You’re looking for car insurance and you’ve been advised to purchase full coverage auto insurance.
It seems like a great option, right? One policy that covers anything that could befall you in your car—hence the term “full coverage”.
But what exactly is it and what are the benefits of full coverage vs liability insurance?
This article will tell you everything you need to know about full coverage auto insurance. We’ll give you tips on getting a premium that fits your budget and how to tailor the coverage you need. Let’s read.
Table of Contents
What exactly is full coverage auto insurance?
There isn’t an actual policy called “full coverage insurance”. Actually, full coverage is a combination of different types of coverages which together result in being fully covered in the event of an accident.
Full coverage car insurance doesn’t actually exist. Think of it more as ordering “a la carte” from a menu to create your personalized meal; you have a choice of several levels of coverage which, when combined, offer you maximum protection.
The idea behind full coverage insurance is to ensure that you, others and your vehicles are protected against the cost of damages, regardless of the accident or no fault incident.
The cost of damages from an accident or incident can be very high and if you have to pay for those repairs completely out of pocket, that can be financially crippling to most. For this reason, the idea of a policy that completely protects you no matter what, is very attractive.
However, there is no one size fits all pre-made solution that exists.
What does full coverage insurance cover?
A solid insurance package to protect you and your passengers can be built using the following levels of coverage:
|Type of car insurance||Details|
|Liability car Insurance|
|Collision car insurance|
|Comprehensive car insurance|
Which extras can be included in your full coverage policy?
There are other coverages you could add to your policy to design a full suite of protection. In addition to liability, comprehensive and collision coverage, these could include:
|Accident forgiveness||This protects your driving record from being negatively affected by the insurance company's rating system for an at-fault accident. This, therefore, prevents your insurance premium from increasing.|
|Gap (Guaranteed Asset Protection) insurance||In the event that your vehicle is totaled, Gap insurance covers the difference between the actual cash value of the car and the remaining balance on your financing.|
|Personal injury protection (PIP)||This insurance covers the costs of injuries you sustain in a crash, regardless of who’s at fault. PIP may be required in "no fault" states.|
|Uninsured motorist coverage||This covers you for bodily injury and property damage costs if another driver injures you or your car in an accident (at fault) and does not have car insurance. This coverage may be required in some states so be sure to check.|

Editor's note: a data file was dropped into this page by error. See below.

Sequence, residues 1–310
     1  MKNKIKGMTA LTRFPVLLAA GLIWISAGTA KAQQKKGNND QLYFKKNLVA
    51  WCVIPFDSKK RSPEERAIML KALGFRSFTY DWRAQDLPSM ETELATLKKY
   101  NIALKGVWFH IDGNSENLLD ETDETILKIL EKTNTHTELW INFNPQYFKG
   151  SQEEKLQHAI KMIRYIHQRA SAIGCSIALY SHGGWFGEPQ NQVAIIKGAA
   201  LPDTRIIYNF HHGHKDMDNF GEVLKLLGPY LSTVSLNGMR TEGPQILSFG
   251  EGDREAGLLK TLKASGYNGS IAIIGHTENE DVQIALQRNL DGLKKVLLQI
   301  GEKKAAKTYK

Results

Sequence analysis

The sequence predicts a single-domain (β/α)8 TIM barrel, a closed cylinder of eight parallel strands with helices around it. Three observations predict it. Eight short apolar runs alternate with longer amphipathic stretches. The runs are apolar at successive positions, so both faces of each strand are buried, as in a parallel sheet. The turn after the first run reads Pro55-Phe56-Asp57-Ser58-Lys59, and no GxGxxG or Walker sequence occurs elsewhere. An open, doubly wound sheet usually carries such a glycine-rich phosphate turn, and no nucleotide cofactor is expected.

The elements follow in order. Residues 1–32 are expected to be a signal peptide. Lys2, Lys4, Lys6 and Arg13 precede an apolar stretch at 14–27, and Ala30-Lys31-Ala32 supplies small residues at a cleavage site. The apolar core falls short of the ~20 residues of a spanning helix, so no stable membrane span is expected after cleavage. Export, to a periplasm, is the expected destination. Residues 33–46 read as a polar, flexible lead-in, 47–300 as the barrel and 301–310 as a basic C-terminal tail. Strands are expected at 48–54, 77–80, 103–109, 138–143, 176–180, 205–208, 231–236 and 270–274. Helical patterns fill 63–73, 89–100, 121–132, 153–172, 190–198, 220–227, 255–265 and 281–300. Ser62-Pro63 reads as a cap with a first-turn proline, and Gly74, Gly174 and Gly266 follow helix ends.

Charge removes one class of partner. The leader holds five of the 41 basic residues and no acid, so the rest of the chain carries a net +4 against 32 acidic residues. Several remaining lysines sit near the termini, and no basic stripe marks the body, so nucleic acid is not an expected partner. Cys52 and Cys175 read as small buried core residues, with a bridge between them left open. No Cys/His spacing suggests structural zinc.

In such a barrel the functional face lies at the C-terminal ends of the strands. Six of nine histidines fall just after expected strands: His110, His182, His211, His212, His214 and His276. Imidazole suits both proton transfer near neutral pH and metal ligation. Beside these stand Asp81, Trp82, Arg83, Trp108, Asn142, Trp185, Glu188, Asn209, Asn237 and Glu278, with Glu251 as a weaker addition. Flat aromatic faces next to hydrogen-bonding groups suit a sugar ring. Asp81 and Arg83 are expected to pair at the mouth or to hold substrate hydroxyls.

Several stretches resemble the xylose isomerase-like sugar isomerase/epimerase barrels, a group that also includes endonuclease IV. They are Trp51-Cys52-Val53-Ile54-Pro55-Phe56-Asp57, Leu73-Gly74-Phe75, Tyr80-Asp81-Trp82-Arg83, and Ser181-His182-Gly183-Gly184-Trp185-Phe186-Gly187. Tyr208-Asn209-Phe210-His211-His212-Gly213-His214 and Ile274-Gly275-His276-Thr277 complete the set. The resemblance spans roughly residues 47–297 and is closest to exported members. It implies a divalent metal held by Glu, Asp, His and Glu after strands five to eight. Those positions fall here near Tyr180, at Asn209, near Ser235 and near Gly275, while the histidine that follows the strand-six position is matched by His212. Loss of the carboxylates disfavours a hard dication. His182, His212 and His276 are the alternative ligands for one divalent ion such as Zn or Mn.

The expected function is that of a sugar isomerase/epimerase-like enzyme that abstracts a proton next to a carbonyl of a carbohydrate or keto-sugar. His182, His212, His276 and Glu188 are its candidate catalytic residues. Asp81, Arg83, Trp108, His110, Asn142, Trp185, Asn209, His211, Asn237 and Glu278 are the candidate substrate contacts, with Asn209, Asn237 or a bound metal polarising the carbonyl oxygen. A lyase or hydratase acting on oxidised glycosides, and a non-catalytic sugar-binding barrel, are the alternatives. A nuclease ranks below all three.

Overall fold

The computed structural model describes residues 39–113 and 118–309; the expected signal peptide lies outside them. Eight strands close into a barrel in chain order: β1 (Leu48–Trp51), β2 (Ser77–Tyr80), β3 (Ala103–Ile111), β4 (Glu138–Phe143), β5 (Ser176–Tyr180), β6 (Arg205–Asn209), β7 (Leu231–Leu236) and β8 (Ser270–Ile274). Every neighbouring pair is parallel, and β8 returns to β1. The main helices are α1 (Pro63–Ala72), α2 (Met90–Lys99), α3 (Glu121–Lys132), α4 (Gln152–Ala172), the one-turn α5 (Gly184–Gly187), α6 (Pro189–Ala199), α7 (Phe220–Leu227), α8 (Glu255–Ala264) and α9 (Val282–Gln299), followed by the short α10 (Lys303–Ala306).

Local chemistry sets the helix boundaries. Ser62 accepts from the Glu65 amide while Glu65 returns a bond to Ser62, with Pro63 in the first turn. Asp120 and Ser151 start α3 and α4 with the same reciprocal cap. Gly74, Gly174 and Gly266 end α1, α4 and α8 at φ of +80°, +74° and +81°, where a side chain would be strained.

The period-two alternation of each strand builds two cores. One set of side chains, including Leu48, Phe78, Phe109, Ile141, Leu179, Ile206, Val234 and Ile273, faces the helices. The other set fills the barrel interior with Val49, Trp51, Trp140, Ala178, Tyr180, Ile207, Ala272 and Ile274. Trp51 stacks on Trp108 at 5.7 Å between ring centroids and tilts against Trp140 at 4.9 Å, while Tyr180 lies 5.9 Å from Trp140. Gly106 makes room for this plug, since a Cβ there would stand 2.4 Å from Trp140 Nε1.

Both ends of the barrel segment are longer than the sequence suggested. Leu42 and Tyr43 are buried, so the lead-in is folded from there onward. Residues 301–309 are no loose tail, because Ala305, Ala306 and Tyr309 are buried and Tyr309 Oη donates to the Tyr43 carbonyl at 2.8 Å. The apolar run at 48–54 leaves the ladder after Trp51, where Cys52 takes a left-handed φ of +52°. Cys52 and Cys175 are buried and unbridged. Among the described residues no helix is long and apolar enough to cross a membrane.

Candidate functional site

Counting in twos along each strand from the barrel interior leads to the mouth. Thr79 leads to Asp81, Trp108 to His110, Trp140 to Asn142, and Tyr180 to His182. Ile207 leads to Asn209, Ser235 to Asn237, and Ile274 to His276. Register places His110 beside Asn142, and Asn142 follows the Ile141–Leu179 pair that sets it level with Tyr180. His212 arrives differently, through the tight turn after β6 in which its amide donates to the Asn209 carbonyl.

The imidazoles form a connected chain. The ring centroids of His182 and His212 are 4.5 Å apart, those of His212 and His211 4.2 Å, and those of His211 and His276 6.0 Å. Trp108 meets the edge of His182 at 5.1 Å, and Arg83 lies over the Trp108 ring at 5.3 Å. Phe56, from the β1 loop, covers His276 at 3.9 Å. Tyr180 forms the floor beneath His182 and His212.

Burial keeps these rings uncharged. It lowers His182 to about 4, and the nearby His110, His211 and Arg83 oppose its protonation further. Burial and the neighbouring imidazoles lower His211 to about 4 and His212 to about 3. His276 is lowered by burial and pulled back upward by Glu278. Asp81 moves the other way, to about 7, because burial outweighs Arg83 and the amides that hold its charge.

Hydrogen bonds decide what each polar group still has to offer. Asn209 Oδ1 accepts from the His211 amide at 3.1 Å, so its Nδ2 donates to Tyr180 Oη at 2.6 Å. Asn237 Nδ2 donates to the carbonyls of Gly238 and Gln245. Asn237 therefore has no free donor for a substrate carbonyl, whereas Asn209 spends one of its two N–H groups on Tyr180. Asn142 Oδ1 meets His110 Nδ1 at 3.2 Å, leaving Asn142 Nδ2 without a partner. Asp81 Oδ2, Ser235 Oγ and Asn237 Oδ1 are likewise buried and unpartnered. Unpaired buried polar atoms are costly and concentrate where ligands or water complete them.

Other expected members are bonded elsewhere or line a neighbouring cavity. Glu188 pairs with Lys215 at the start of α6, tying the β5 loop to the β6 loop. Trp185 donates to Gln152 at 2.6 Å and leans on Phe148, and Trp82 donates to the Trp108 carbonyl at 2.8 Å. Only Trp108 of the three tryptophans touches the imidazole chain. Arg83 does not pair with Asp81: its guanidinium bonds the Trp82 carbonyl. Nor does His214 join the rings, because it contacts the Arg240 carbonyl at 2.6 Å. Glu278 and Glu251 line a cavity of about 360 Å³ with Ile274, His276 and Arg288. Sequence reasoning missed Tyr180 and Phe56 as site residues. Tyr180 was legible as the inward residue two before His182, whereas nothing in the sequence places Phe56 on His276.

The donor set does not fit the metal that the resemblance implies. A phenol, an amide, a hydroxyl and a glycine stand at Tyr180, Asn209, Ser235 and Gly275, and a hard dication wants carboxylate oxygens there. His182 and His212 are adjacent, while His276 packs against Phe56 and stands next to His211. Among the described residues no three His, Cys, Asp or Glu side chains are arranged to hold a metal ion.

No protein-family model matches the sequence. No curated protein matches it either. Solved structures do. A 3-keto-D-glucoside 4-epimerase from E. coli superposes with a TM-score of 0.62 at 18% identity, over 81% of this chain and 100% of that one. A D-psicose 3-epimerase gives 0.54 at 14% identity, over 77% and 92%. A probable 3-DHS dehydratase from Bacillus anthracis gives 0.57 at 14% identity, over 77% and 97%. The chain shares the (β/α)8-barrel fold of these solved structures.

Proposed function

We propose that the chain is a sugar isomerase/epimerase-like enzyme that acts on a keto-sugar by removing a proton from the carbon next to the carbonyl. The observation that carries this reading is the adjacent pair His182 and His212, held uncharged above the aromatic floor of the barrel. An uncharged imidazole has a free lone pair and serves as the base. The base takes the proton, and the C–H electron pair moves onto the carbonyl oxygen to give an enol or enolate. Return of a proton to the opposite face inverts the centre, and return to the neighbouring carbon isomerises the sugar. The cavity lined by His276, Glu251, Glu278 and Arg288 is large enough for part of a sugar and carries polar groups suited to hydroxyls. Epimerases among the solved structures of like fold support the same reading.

|Underinsured motorist coverage||This will reimburse you for expenses resulting from an accident where an at-fault driver does have car insurance, but their limits are not sufficiently high to cover your costs.|
|Roadside assistance and towing||Can’t change a flat tire to save your life? This coverage can come in very handy if you’re ever stranded and need help.|
|Rental car reimbursement||If your vehicle is ever out of commission for a period of time and you need to rent a car, this coverage will reimburse you for all or some of the cost, depending on the level you select.|
|Custom coverage for parts||Spent a lot on customizing your baby? Then you might want to consider insurance that specifically covers those pricey parts.|
What is not included in full coverage car insurance?
Now that you have an idea of what full coverage insurance consists of, you may be wondering what isn’t included in full coverage.
The coverage that is excluded from full coverage car insurance will vary slightly from company to company but generally, the following incidents will not be covered by full coverage insurance:
- If you use your car for racing, this will not be covered by full coverage insurance. So, reenacting scenes from The Fast and The Furious could cost you big.
- If your car is damaged in war or by nuclear disaster. Unlikely to happen--and not covered by full coverage insurance.
- If your car is seized by the government for any reason, especially if criminal, any damage sustained would not be covered.
- If you take your vehicle “off-road. Full coverage auto insurance covers accidents on the road so driving your car anywhere else would not be covered.
- If you use the vehicle in a car sharing program. This is a great way to make extra money with your vehicle but it is not covered by full coverage insurance.
- If you use your car for business use such as deliveries, damage sustained would not be covered by full coverage car insurance.
To get the most accurate information on what is and isn’t included in your full coverage auto insurance, you should contact insurance providers directly for a free full coverage quote.
To summarize, you will find in this table what is and what is not included in full coverage car insurance:
|Wear and tear||No||No||No|
|Damages caused to a vehicle in case of rear ending someone||Yes||No||No|
|Damages caused to my vehicle in case of rear ending someone||No||Yes||No|
|Damages caused to my vehicle by running into something||No||Yes||No|
|Collision with an animal||No||No||Yes|
|Rental car when yours is being repaired||No||No||No|
|Personal injuries to self||No||No||No|
|Personal injuries to third party||Yes||No||No|
|Damage caused to third party vehicles||Yes||No||No|
Use our comparison tool now and get your personalized rates based on YOUR situation!
Where to get the best full coverage car insurance deal?
The “best”car insurance for you will of course depend on your specific circumstances, but we’ve rounded up some national estimates for the cost of full coverage insurance across the major insurance providers.
These annual averages are for a policy that includes liability, collision and comprehensive coverages. The sample driver is between 40-45 years old, has no moving violations and has a good credit score.
|Company||$500 Deductible||$1,000 Deductible|
*USAA is available to active duty military, veterans and their families only.
As you can imagine, adding collision and comprehensive coverage is more expensive than carrying only the state minimum amount of liability coverage.
Our table breaks down these differences in cost across the largest insurance companies at two deductible levels. The annual cost data is sorted from least expensive company, to most expensive. Hopefully, this will help you locate the cheapest full coverage car insurance.